Early Detection – Introduction
Being a rare type of cancer that do not have any form of symptoms until it’s in an advanced stage, that is why detecting stomach cancer is quite difficult. Although once cancer is detected early, there are high chance of surviving, but for stomach cancer, even if detected at later stages, it is still treatable.
Unlike Africa, North America especially USA, in some countries in East Asia and South America, where stomach cancer is much more common, mass screening of the population has helped find many stomach cancers at an early, possibly more curable stage. There is no mass screening in Nigeria. However, it’s not clear if this has led to a lower number of stomach cancer deaths.
The benefits of screening might outweigh the risks in some people who are at an increased risk for stomach cancer because of certain risk factors e.g., those who have certain potentially pre-cancerous stomach conditions or inherited conditions such as familial adenomatous polyposis.
Staging Stomach Cancer
One of the best ways of describing or knowing the right place where cancer is located; if or the places it might have spread to; or the probability of affecting other organs of the body is referred to STAGING. After a person is diagnosed with stomach cancer (gastric cancer), medical doctors use different examination tools with tests to help determine the stage of the cancer, that is why staging the stomach cancer will not be complete if all the tests and examination haven’t been carried out.
Stomach cancer starts from stage 0 which is also referred to as carcinoma in situ. Stomach cancer stage grouping starts from 1 (I) through 4 (IV), but there is a probability of having a re-current stomach cancer. And these stages are further divided into alphabets such as A, B, C etc., so as to show some extra details. The lower the number, the lesser the cancer has spread, and the higher the number, the farther the cancer has spread to other part of the body.
Stomach Cancer Stage Grouping
This stage is also referred to as the “carcinoma in situ”. At this stage, abnormal cells are found on the surface of the epithelium; inside the lining of the mucosa of the stomach wall. These cancerous cells have not spread to any other layer of the stomach, but can become cancer and spread to nearby lymph nodes.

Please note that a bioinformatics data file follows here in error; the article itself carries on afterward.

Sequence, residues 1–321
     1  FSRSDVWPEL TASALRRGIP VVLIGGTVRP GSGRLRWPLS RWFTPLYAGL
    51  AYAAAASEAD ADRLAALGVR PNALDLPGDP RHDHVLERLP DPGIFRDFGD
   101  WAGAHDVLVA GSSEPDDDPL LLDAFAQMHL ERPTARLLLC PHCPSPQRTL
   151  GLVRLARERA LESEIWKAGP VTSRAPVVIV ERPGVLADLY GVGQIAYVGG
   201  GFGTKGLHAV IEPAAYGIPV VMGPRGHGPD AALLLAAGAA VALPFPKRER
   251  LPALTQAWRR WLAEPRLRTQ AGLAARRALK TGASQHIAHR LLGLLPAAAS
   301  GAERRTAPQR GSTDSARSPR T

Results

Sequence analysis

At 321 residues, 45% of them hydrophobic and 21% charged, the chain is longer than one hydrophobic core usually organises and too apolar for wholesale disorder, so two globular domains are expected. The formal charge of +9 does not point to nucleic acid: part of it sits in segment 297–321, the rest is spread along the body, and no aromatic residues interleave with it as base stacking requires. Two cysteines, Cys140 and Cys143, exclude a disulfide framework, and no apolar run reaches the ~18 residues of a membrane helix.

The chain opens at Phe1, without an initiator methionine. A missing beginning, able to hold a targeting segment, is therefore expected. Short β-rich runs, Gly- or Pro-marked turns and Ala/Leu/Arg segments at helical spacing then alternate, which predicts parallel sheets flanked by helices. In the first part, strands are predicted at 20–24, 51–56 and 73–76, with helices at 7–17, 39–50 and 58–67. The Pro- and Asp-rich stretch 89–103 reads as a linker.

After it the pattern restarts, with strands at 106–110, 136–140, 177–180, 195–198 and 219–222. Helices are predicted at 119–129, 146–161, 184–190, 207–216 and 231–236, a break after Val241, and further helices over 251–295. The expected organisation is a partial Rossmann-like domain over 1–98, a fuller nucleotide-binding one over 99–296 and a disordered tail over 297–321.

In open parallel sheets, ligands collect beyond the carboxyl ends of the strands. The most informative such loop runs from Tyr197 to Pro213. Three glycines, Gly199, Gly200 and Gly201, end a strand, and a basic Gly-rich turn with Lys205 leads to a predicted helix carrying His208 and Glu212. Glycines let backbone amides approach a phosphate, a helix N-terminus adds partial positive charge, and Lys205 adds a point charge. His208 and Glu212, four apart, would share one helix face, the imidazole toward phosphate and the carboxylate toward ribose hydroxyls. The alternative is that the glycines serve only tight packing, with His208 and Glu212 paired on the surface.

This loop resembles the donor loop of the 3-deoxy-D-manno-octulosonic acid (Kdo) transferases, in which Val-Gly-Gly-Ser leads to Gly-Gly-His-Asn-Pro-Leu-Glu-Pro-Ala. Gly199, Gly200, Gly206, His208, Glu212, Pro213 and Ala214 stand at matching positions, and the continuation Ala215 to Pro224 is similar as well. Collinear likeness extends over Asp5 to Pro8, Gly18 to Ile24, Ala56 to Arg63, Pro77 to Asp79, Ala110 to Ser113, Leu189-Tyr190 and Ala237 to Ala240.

At this stage, stomach cancer is present in the lining of the mucosa. Stage I is further divided into Stage IA and IB.
At this stage, stomach cancer has spread to one or few nearby lymph nodes but not lymph nodes of other parts of the body or distant organs.
At this stage, depending on places where the cancer might have spread, stomach cancer stage III is divided into IIIA, IIIB, and IIIC.
In stage IV, cancer has spread to other parts of the body, such as the lungs, liver, distant lymph nodes, and the tissue that lines the abdomen wall.
Recurrent Stomach Cancer
Recurring stomach cancer is a cancer that occurs after treatment has been completed. This recurrence can be localized meaning stomach cancer re-occur at the first place where it started. Also, recurrent stomach cancer can be a distant metastasis, meaning the cancer has started at another organ or part of the body.
Diagnosis of Stomach Cancer
Stomach cancer can be diagnosed using various form of tests, and these test help to determine where the cancer might have spread from one organ to another. These diagnostic tests also help to determine the type of treatment plan that suits the person’s overall health conditions.
When individuals develop persistent symptoms of stomach cancer, it is advisable to seek medical attention immediately. These symptoms, personal and family history, medical history and lifestyle choices help medical doctors during diagnosis. Also, they perform physical examination to check for tenderness or lump around the stomach.
Blood tests can also be used to identify if there are excessive substances which could indicate cancer, and also check the count of red and white blood cells, as well as platelets and hemoglobin.
Diagnostic tests for stomach cancer may include the following:
Upper endoscopy, also known as esophagogastroduodenoscopy or EGD is a test done whenever there is suspicion of stomach cancer. Here, the doctor uses an endoscope to look inside the stomach, examining the esophagus, stomach, and the duodenum so as to see any abnormality. Once an abnormality is seen, samples are collected using biopsy and sent for test in a laboratory.
During endoscopy, once any form of abnormal cells is diagnosed, then samples of these abnormal are removed and sent to a laboratory for analysis. The process of removal is referred to as biopsy. Sometimes, some stomach cancer may start within the deep part of the stomach wall, making biopsy a bit difficult to detect. And once this is suspected, endoscopic ultrasound is used to get a biopsy sample. Biopsies can also be taken from areas apart from the stomach if there is suspicion that stomach cancer might have spread to nearby lymph nodes.
Imaging tests are used to show a detailed of the stomach, using x-rays, radioactive or sound waves, magnetic fields to create pictures of the inside of the body. Imaging tests such as x-rays, CT scans, PET scans are usually used during imaging tests.
Imaging test may be done for certain reasons, and these includes:
Exploratory Surgery (Laparoscope)
Once stomach cancer has spread beyond the stomach, within the abdomen or chest, medical doctors may recommend surgery to detect cancer, especially if imaging tests have not shown it spread. This diagnostic method is known as laparoscope.
[Next Article: Treatment of Stomach Cancer]
References: American Cancer Society; WHO; WebMD, Cancer.net
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